Recall that we can read the entire string by starting at the address in s, and continue reading one character at a time from memory until we reach the NUL character \0.

As we can see in the following example, the address of the first character, &s[0], is the same as the value of s:

#include <stdio.h>

int main(void)
{
    char *s = "HI!";
    char *p = &s[0];
        printf("%s\n", s);
    printf("%p\n", p);
    printf("%p\n", s);
}
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$ make address
$ ./address
HI!
0x123
0x123
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Again, the address of the first character, &s[0], is the same as the value of s. And each following character has an address that is one byte higher:

#include <stdio.h>

int main(void)
{
    char *s = "HI!";
    printf("%p\n", s);
    printf("%p\n", &s[0]);
    printf("%p\n", &s[1]);
    printf("%p\n", &s[2]);
    printf("%p\n", &s[3]);
}
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$ make address
$ ./address
0x123
0x123
0x124
0x125
0x126
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Because each string is just a pointer to a different location in memory, if we compare two strings containing the same text, they will be different, because we are comparing the addresses where they are stored and not the text.

#include <stdio.h>

int main(void)
{
    char *s = "HI!";
    char *t = "HI!";

    if (s == t)
    {
        printf("Same\n");
    }
    else
    {
        printf("Different\n");
    }
}
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$ make compare
$ ./compare
Different
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This might look in our computer’s memory like this:

Memory

If we now copy the string into another variable we will see that any change made to the copy will affect also the original string:

#include <ctype.h>
#include <stdio.h>
#include <string.h>

int main(void)
{
    char *s = "hi!";
    char *t = s;

        // capitalize the first letter
    t[0] = toupper(t[0]);

    printf("s: %s\n", s);
    printf("t: %s\n", t);
}
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$ make copy
$ ./copy
s: Hi!
t: Hi!
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The concept is the same as with the compare situation, in this case both, variables point to the same address in memory where the string “hi!” is stored.

Memory reference

For both compare and copy operations with strings, the process is similar: loop over the string and compare or copy character by character. Also, you can use the methods strcmp() and strcpy() from the C library string.h created for this purpose. But we will see that in detail below.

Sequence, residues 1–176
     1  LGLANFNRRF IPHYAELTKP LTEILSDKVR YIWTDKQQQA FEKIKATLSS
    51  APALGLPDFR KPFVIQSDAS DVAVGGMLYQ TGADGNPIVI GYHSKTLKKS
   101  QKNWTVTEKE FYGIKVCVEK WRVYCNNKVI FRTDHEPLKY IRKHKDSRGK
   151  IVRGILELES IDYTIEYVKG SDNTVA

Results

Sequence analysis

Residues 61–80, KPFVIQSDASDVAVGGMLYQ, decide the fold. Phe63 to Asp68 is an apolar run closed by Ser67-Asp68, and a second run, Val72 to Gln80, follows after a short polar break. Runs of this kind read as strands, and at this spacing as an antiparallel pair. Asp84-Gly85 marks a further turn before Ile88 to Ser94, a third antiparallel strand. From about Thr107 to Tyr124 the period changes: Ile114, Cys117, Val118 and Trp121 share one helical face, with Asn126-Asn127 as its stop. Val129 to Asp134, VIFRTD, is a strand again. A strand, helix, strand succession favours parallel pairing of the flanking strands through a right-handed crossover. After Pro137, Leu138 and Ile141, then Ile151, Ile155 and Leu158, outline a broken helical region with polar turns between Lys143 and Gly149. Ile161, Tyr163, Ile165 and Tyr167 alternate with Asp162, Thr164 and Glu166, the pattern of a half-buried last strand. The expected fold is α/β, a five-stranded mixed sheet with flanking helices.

Dynamic memory allocation

To make a copy of a string, we have to do a little more work, first, we need a free block of memory that acts like an “empty string”, where to copy the characters. To get a free block of memory there’s a function called malloc which allocates **dynamically some number of bytes in memory for our program to use. Once we´re done with the allocated memory, there’s another function called free to give back again the memory to the operating system, so it can do something else with it.

#include <ctype.h>
#include <stdio.h>
#include <stdlib.h>
#include <string.h>

int main(void)
{
    char *s = "hi!";

        // + 1 because we need an extra byte for the NUL '\0' character
    char *t = malloc(strlen(s) + 1);
        if (t == NULL)
    {
        return 1;
    }

    strcpy(t, s);

    t[0] = toupper(t[0]);

    printf("s: %s\n", s);
    printf("t: %s\n", t);

    free(t);
}
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$ make copy
$ ./copy
s: hi!
t: Hi!
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Our computers might slow down if a program we’re running never frees allocated memory. The operating system will take longer and longer to find enough available memory for our program.

If the computer is out of memory, malloc will return NULL, a special value of all 0 bits that indicates there isn’t an address to point to. So we’re checking for that case in our example, and exit if t is NULL.

Now both s and t point to a different memory location where hi! and Hi! are stored.

We must be careful when allocating memory with malloc, if we don’t initialize our variables, we will end up getting what is known as garbage values, random data that were in the block of memory that the system gave us. And if we try to go to an address that’s a garbage value, our program is likely to crash from a segmentation fault error.

Next, we are going a bit deeper into how memory works.


Memory layout